- (c. 1411–1491)Although the accuracy and value of his historical writings and judgments have been questioned, John Rous of Warwickshire, a chantry priest with antiquarian interests, is recognized as an important source for contemporary perceptions and attitudes during the WARS OF THE ROSES.Born at Warwick and educated at Oxford, Rous was in 1445 appointed a chaplain of the chantry chapel at Guy’s Cliff in Warwickshire. His office, which he retained for the rest of his life, required him to celebrate daily Mass for the chantry’s late founder, Richard Beauchamp, earl of Warwick. His duties allowed him time to indulge his interest in antiquarian studies, that is, to collect manuscripts and artifacts relating to the history of his locality, to conduct historical research, and to write up his findings. He undertook periodic trips— once to WALES and once to LONDON—to study local historical records and to borrow or buy research materials. In 1459, he attended the COVENTRY PARLIAMENT, where the Lancastrian government, busy passing ATTAINDERS against leading Yorkists, ignored his petition asking that the PEERAGE be prevented from oppressing country towns (see Towns and the Wars of the Roses). Rous’s most important writings are the two versions of the Rous Rolls, elaborately illustrated histories of the earls of Warwick written on rolls of parchment, and the “Historia Regum Angliae” (“History of the Kings of England”), which, in its national scope, departs from Rous’s usual interest in local history. The earlier English version of the Rous Rolls, written before 1485, is highly favorable to the house of YORK and flattering to RICHARD III. The later Latin version, containing fulsome praise for the houses of LANCASTER and TUDOR, was clearly intended to curry favor with HENRY VII. The “Historia,” which carried the history of England to the birth of Prince Arthur in 1486, roundly condemns Richard III as ruling “in the way Antichrist is to reign,” and includes some of the more shocking elements of the antiRicardian PROPAGANDA that developed after 1485. For instance, Rous claimed that Richard was two years in his mother’s womb, finally emerging “with teeth and hair to his shoulders.” Nonetheless, even Rous admitted that Richard “bore himself like a gallant knight [and] honourably defended himself to his last breath” at the Battle of BOSWORTH FIELD in 1485 (all quotes Dockray, p. xxi). As an old man whose clerical living depended on royal favor, Rous’s bias toward the party in power is understandable; no one could praise Richard III under the Tudors any more that one could praise HENRY VI under the Yorkists. Rous also did much for the study of local history, and his writings are useful as a reflection of the opinions and interests of educated country people during the late fifteenth century. However, his indiscriminate handling of sources, his ready acceptance of myths and miraculous tales, and his factual inaccuracies have led modern historians to make only limited and cautious use of Rous as a source for the civil wars.Further Reading: Dockray, Keith. Richard III: A Source Book (Stroud, Gloucestershire, UK: Sutton Publishing, 1997);“John Rous,” in Michael Hicks, Who’s Who in Late Medieval England (London: Shepheard-Walwyn, 1991), pp. 345–349; Rous, John,“The History of the Kings of England,” in Alison Hanham, Richard III and His Early Historians, 1483-1535 (Oxford: Clarendon Press, 1975), pp. 118–124; Rous, John. The Rous Roll, reprint ed. (Stroud, Gloucestershire, UK: Alan Sutton, 1980).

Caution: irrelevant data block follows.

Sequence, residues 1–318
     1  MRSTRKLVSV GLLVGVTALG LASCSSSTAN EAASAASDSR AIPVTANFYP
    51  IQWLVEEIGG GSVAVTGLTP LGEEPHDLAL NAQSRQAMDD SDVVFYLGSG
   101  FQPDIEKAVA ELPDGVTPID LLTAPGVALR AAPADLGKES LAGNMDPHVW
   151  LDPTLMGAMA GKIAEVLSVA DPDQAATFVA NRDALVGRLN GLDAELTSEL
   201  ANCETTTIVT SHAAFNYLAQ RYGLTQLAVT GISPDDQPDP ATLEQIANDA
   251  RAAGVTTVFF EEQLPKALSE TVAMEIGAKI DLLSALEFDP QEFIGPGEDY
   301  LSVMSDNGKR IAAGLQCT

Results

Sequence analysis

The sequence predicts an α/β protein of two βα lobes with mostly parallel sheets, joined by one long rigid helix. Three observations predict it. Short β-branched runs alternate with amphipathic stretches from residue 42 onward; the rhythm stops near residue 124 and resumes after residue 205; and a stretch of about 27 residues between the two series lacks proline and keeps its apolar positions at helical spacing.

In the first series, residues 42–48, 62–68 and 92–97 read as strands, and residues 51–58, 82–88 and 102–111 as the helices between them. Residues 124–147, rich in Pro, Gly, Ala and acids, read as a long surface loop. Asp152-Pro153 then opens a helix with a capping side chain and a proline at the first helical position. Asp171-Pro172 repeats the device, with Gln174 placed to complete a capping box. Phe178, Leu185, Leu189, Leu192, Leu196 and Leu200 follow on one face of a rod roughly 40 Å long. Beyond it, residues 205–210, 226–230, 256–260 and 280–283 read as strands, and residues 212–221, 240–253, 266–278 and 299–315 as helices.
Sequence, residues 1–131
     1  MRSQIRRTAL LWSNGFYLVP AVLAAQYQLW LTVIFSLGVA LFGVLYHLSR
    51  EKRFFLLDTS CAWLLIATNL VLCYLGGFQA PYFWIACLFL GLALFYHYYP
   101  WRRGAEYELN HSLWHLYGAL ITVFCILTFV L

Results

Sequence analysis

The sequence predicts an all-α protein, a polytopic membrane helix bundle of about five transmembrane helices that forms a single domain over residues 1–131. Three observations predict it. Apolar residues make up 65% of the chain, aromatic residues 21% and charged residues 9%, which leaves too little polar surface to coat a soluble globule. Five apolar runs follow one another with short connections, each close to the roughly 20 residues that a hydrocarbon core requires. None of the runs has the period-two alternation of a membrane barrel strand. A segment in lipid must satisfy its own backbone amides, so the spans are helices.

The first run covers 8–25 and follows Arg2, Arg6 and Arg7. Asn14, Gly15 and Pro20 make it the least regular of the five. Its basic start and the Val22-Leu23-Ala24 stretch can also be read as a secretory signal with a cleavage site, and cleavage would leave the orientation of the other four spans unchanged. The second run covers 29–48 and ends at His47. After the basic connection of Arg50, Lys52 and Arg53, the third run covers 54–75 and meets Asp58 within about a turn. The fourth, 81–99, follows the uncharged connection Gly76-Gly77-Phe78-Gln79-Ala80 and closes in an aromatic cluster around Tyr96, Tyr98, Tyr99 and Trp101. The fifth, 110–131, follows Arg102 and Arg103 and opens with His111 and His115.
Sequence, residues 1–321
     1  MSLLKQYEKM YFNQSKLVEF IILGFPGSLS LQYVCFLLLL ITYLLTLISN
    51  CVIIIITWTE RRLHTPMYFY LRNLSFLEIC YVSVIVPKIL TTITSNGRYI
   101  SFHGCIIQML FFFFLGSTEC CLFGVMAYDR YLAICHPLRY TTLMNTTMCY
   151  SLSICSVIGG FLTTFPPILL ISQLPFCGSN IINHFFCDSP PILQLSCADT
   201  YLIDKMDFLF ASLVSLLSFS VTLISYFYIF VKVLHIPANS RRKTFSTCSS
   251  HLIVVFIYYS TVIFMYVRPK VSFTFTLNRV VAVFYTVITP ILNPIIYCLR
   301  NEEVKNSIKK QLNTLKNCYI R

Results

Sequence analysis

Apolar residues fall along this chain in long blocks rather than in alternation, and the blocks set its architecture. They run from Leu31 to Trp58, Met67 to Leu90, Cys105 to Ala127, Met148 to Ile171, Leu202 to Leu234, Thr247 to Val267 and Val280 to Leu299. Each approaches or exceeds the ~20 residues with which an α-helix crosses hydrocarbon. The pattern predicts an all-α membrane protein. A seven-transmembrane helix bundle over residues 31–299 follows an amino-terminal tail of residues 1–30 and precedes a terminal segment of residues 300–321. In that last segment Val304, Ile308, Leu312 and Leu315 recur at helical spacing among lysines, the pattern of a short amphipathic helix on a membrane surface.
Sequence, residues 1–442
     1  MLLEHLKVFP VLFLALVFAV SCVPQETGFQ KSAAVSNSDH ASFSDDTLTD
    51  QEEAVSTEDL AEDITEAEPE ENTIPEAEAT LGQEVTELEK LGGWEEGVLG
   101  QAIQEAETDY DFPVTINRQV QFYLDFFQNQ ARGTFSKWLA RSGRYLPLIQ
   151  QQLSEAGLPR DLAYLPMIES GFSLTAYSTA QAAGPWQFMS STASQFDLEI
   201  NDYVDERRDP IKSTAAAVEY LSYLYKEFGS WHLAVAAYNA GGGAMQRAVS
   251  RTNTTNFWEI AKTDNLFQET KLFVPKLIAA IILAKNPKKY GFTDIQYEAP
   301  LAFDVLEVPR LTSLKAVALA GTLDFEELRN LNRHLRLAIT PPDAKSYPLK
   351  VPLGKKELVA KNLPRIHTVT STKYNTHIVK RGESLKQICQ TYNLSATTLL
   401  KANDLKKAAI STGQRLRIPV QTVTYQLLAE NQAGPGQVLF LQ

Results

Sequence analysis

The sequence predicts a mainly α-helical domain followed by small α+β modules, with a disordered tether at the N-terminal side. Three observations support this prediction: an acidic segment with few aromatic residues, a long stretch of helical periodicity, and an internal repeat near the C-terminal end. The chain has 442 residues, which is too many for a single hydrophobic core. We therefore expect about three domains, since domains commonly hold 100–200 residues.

Encyclopedia of the Wars of the Roses. John A.Wagner. 2001.
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